RIA - Rich Internet Application tools - is part of the huge wave of application development tools that will be sweeping through this Summer and Fall of 2004. RIAs will considerably simplify and speed up development of rich, cross platform Web UIs for J2EE, Web Service and even some CORBA and .NET systems. Web developers would be grossly remiss not to take a look at the diversity yet richness and performance enhancements which these tools provide. Yes some of the tools are in beta; but they are so good we had to preview them.
Bring on the BASIC Clones - Looking for a cross platform version of Visual Basic did not turn out to be as dreary a task as anticipated. Instead, there is a treasure trove of very good variants of that oldtime Dartmouth programming religion - including a product from Professors Kemeny and Kurtz. Ranging from some great game-making BASICs to a real cross platform gem in RealBASIC, check out how BASIC does not necessarily mean VB.
SwishMax - Swishzone has has been laboring down under for at least 2 years retooling the popular Swish 2 into SwishMax and in the process have proved they understand aspects of animation better than their Macromedian mentors. Flash is more than data processing - its roots are rich media and animation. SwishMax has done what Macromedia has yet to do - come to grips with giving designers and developers a primarily drag, set and drop approach to animation effects. And its much stabler too.
Macromedia Dreamweaver 2004 -is one of those upgrades whose value is in the eye of the beholder. Web shops that want to deploy CSS, Cold Fusion, or ASP will have a substantial Dreamweaver 2004 upgrade. But shops committed to DHTML, Java, JavaScript and XML will have substantially less to choose from and cheer about. Yes there are dozens of GUI nip/tuck jobs; and the performance and reliability/security improvements are appreciated. But this is the contingency or "it depends upgrade."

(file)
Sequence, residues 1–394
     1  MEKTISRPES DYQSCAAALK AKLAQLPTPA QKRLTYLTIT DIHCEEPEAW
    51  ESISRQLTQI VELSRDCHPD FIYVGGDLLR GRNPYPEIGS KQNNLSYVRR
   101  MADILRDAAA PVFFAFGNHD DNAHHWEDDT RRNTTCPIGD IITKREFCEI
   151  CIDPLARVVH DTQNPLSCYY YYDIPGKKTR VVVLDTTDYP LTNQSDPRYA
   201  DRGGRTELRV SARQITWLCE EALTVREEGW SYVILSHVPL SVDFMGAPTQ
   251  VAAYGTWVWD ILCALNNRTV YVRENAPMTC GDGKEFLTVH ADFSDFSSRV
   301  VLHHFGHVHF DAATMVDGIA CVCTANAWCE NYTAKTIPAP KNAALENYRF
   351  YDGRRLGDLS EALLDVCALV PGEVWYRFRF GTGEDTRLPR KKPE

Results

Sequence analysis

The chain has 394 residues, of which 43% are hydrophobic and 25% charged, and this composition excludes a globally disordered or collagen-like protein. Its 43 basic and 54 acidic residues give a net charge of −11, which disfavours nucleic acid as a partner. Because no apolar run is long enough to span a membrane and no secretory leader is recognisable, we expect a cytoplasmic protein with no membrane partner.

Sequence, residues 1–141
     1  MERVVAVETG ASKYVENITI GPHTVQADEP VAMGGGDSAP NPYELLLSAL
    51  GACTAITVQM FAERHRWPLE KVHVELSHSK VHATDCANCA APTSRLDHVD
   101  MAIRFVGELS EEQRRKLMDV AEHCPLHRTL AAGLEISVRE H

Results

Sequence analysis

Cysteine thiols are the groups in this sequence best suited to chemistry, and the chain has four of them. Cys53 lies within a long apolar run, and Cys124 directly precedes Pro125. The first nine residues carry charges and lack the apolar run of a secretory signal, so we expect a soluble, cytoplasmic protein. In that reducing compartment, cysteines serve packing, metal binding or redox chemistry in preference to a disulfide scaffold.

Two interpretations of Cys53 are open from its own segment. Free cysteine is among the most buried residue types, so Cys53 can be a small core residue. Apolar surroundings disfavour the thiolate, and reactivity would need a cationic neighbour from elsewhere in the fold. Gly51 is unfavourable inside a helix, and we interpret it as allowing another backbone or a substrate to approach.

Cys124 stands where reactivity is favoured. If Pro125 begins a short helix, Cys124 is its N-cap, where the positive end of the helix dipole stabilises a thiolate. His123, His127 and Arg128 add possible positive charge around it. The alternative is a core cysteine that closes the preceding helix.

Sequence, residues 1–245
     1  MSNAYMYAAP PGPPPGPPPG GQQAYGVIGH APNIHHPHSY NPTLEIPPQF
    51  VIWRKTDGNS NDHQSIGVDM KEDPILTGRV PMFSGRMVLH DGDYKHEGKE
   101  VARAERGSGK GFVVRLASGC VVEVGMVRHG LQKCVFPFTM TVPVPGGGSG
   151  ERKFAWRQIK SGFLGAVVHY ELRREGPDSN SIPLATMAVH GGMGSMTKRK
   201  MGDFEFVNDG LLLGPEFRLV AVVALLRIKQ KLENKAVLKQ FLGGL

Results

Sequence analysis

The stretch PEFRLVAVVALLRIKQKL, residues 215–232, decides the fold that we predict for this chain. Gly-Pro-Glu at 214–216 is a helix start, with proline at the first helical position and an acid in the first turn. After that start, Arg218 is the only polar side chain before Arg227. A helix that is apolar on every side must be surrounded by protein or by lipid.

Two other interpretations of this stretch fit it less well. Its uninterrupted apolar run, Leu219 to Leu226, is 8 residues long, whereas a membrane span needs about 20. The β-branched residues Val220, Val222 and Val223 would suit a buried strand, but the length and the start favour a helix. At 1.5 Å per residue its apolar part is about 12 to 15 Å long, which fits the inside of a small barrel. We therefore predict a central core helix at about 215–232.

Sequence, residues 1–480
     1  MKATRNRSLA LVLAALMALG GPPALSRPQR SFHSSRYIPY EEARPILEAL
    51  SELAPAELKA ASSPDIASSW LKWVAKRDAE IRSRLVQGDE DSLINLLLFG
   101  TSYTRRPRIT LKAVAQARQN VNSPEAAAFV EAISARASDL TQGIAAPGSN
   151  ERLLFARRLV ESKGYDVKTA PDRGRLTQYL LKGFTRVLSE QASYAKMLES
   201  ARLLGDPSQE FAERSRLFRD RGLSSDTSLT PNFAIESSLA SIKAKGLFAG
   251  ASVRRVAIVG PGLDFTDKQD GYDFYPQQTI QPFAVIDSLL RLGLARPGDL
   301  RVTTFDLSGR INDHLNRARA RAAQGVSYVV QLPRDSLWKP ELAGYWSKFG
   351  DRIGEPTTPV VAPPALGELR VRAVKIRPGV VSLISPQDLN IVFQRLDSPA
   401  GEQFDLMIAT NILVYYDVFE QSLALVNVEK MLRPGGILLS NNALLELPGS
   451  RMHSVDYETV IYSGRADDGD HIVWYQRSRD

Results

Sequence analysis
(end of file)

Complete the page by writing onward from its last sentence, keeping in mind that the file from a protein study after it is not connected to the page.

Macromedia Studio MX2004 - Macromedia, after playing coy at its late July financial analyst briefing, unleashes its MX2004 product suite of upgrades. And its a double, not a home run. The new Flash improvements, especially for Flash MX2004 Pro edition are must haves - considerably advancing the goal of making Flash a database server aware app viable for delivery of cross-platform, rich media experiences. But Dreamweaver 2004 & Cold Fusion 6.1 are only workmanlike improvements while Fireworks 2004 and Freehand 2004 still suffer neglect relative to competition.
Whither JavaScript ? - In the complex world of web development, arriving at good, open standards - even for a language as solid as JavaScript - can be a mysterious and complex processs. Currently improvements to ECMAScript/JavaScript are coming from some key non-Netscape sources as JavaScript increasingly becomes the glue language for more and more ISVs.
Time to Upgrade Browsers - For reliability and security reasons alone, users should upgrade their browser to one of the two best browsers - Mozilla 1.5 or Opera 7. Yes, by a longshot Microsoft has conceded the top browser position just in features and functionality let alone superior cross platform reach of Opera and then Mozilla. And now that Microsoft will not update its browser until 2005 at the earliest, new improvements coming in Mozilla (native SVG, themes) and Opera (voice, gestures) are very compelling

Demo software is buzzing again. For quite sometime Dan Bricklin's Demo 2 or Lotus ScreenCam were all you needed. But with travel and documentation budgets being cut drastically, more organizations are looking for novel ways to accomplish support, training and documentation tasks. And "show me live" is winning a place alongside "tell me in words".

Macromedia Contribute 3 - is unique among programs because it allows users to directly edit files on a Website in a controlled fashion and with some measure of protection against concurrent updates. One can think of Contribute as FTP++ or Content Management Lite. The key is Contribute's ability to get people responsible for content able to edit web pages directly and safely.
Macromedia's FlashPaper may be the best software graphics innovation for 2003. It is that elegant and simple. From any Windows 2000 or XP program you print to a file and get a .swf Flash file that is capable of displaying the printed document/ graphics/ presentation with uncanny fidelity - and just about anywhere: Web browser, Window, Mac or Linux desktop, kiosks, and some PDAs and mobile phones. This is what Adobe should have done for Acrobat's PDF file creation years ago. But Macromedia did it first and very well indeed.

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